Book Reviews of The Fabulist

The Fabulist
The Fabulist
Author: Stephen Glass
ISBN-13: 9780743227124
ISBN-10: 0743227123
Publication Date: 5/13/2003
Pages: 339
  • Currently 3.6/5 Stars.

3.6 stars, based on 4 ratings
Publisher: Simon Schuster
Book Type: Hardcover
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2 Book Reviews submitted by our Members...sorted by voted most helpful

reviewed The Fabulist on + 12 more book reviews
I enjoyed reading this book about a journalist who writes phony stories or adds fabricated material to otherwise legitimate articles -and what happens to him and how he figures out why he felt the need to lie. This is a novel, but this author did write false articles and got fired. So it's interesting trying to figure out what is real and what is fiction.
reviewed The Fabulist on + 63 more book reviews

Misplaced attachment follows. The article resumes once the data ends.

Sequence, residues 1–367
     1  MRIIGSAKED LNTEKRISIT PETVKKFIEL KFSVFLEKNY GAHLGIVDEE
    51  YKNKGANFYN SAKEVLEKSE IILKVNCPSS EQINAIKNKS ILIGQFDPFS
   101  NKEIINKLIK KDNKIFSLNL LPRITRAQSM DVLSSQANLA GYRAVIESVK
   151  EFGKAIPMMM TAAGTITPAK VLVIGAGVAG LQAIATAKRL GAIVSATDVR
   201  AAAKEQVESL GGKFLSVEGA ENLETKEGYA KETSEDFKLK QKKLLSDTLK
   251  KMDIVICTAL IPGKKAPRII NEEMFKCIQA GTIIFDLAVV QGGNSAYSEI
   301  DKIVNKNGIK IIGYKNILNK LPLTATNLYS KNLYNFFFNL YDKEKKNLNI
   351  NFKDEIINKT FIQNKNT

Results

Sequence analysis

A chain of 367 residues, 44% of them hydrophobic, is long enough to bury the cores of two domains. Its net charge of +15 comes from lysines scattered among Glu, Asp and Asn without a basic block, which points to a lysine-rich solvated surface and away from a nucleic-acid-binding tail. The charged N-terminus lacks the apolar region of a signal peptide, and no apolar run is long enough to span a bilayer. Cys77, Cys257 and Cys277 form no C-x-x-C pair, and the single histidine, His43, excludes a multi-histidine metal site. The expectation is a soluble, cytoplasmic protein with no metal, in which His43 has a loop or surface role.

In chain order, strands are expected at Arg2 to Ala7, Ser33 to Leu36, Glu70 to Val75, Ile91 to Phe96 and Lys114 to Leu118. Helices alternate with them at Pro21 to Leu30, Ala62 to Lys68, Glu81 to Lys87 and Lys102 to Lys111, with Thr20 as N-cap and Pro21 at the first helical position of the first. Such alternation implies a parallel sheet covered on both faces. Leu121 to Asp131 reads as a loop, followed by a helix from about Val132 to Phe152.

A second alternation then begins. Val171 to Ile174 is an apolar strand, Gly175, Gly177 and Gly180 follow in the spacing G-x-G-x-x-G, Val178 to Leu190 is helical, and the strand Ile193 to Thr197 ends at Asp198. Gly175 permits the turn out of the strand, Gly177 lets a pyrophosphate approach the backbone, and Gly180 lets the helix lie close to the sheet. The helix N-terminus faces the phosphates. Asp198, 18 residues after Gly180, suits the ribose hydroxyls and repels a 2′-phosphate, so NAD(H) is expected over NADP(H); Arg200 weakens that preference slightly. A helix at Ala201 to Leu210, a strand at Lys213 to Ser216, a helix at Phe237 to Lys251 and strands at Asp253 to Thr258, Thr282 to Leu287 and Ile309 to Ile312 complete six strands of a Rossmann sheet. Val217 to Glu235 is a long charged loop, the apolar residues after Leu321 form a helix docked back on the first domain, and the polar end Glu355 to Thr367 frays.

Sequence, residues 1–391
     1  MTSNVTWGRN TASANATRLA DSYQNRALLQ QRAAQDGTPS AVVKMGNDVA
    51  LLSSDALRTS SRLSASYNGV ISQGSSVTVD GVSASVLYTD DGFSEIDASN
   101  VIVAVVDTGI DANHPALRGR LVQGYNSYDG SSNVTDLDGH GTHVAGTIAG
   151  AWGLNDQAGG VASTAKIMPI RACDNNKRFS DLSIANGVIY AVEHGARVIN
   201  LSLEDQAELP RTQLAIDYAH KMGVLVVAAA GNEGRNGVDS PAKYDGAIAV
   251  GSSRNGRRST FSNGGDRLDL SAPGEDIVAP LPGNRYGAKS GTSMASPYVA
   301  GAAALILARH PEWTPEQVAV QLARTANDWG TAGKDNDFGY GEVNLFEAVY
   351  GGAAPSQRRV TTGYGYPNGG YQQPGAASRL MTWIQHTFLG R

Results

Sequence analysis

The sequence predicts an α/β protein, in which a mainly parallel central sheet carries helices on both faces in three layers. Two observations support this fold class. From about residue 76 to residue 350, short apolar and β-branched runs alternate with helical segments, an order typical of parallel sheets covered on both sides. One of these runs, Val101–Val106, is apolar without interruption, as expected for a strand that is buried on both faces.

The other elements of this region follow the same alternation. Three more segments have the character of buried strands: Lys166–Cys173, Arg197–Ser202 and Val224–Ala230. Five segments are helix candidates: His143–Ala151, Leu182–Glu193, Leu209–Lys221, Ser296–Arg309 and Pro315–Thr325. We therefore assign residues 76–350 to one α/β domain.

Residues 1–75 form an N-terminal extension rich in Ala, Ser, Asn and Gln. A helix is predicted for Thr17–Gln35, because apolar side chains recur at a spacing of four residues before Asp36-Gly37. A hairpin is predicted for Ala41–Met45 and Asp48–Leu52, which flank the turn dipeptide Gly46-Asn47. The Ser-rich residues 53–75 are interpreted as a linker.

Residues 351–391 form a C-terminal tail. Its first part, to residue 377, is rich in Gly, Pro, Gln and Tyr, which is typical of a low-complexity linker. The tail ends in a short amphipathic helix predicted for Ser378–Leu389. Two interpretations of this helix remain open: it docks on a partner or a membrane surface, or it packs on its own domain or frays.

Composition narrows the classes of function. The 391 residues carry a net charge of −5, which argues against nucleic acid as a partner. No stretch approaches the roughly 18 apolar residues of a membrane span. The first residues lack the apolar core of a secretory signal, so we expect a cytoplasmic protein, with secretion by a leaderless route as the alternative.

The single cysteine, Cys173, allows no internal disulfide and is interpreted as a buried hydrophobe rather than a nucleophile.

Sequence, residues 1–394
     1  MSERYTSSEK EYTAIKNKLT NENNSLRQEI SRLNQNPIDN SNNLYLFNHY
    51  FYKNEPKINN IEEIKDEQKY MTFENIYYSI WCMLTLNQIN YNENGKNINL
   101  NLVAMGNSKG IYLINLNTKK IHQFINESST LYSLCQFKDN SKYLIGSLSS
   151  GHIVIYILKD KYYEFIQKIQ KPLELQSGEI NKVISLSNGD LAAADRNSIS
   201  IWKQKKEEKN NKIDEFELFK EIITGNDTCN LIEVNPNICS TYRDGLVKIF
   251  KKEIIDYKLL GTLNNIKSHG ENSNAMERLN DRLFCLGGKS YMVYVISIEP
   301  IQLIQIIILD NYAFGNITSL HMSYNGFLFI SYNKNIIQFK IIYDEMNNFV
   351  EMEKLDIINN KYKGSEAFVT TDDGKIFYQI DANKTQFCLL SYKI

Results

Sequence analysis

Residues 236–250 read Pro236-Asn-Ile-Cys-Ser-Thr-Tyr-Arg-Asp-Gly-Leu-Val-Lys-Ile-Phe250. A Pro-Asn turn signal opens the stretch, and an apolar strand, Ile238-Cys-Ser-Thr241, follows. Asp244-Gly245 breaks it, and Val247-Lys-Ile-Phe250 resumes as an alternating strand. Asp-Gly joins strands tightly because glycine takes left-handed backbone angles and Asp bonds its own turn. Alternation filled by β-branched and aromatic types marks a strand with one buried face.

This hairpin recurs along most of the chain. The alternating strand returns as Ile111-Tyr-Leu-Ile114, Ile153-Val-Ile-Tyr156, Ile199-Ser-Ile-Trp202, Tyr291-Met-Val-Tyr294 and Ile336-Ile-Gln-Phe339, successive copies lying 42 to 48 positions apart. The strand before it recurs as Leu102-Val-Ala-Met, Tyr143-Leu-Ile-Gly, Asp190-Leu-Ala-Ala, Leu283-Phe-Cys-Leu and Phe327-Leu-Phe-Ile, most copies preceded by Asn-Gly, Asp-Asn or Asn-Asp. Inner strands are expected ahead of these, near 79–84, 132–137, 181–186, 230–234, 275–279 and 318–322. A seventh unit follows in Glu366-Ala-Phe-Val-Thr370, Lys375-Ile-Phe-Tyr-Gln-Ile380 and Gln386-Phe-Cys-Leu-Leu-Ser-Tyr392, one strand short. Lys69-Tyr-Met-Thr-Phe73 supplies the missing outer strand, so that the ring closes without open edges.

I am glad that I read this book. As to whether I "like" the book or not, I don't know. I can not imagine reading this book and having any context of the characters or storyline if I had not first seen the movie "Shattered Glass". I know, I know ... the author says that this book is a novel (meaning, he did not intend it to be taken as fact) but really, if you saw the movie, you'd be forgiven if you took this book as the author's defense of his actions and explanation of his state of mind. Again, I don't know whether I like the book or not. Taken as a standalone and trying to separate it from the movie, hmmm, I would say I would not have liked this book at all. The protaganist is so unlikeable and so resembling people I have known in my life to be annoying and needy and untrustworthy; the characters that were so likeable in "Shattered Glass" he makes to be cartoonishly evil and/or incompetent and/or petty so they are rendered unlikable in his book; and the probably-made-up characters (the pizza boy and the chat room girl) are eye-rollingly silly and not credible as real people. So, taken as a novel and not knowing the reason for this story, I would not have liked it. However, I really liked the movie "Shattered Glass" and actually keep a copy of it and lend it to anyone who will listen to me - because the themes in it really speak to such common human issues as trust, honesty, peer pressure, honor, popularity, responsibility, and others. So, I was glad for this book to round out some of the questions the movie left. Truthfully I would rather have read a book by Chuck Lane, fiction or not, than this, but this was all I found on the subject. I don't know if I recommend it or not. I will give it 4 stars because I am glad I read it, and feel that even though it did not provide me with the facts I was seeking, he didn't promise facts and he did deliver on his offering of a novel about the subject (a writer caught lying in a supposed non-fiction world) that was portrayed in "Shattered Glass".